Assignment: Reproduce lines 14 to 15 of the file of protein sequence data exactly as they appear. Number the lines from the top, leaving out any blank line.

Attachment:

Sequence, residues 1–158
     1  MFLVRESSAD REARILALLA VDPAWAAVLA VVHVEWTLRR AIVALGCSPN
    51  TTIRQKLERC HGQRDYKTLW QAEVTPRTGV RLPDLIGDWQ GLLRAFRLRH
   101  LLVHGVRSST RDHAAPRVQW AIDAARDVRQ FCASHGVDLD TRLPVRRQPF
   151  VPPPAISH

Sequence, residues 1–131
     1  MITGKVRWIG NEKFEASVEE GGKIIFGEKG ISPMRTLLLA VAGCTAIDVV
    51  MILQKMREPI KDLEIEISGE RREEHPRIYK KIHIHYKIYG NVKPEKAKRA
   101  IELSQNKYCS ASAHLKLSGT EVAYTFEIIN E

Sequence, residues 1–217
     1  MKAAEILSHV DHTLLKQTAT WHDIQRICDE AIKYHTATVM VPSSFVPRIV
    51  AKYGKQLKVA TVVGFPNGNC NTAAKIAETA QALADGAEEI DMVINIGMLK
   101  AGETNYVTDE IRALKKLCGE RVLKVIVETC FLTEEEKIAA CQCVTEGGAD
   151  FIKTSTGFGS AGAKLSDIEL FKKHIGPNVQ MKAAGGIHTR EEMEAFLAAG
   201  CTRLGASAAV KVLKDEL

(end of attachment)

   151  FIKTSTGFGS AGAKLSDIEL FKKHIGPNVQ MKAAGGIHTR EEMEAFLAAG
   201  CTRLGASAAV KVLKDEL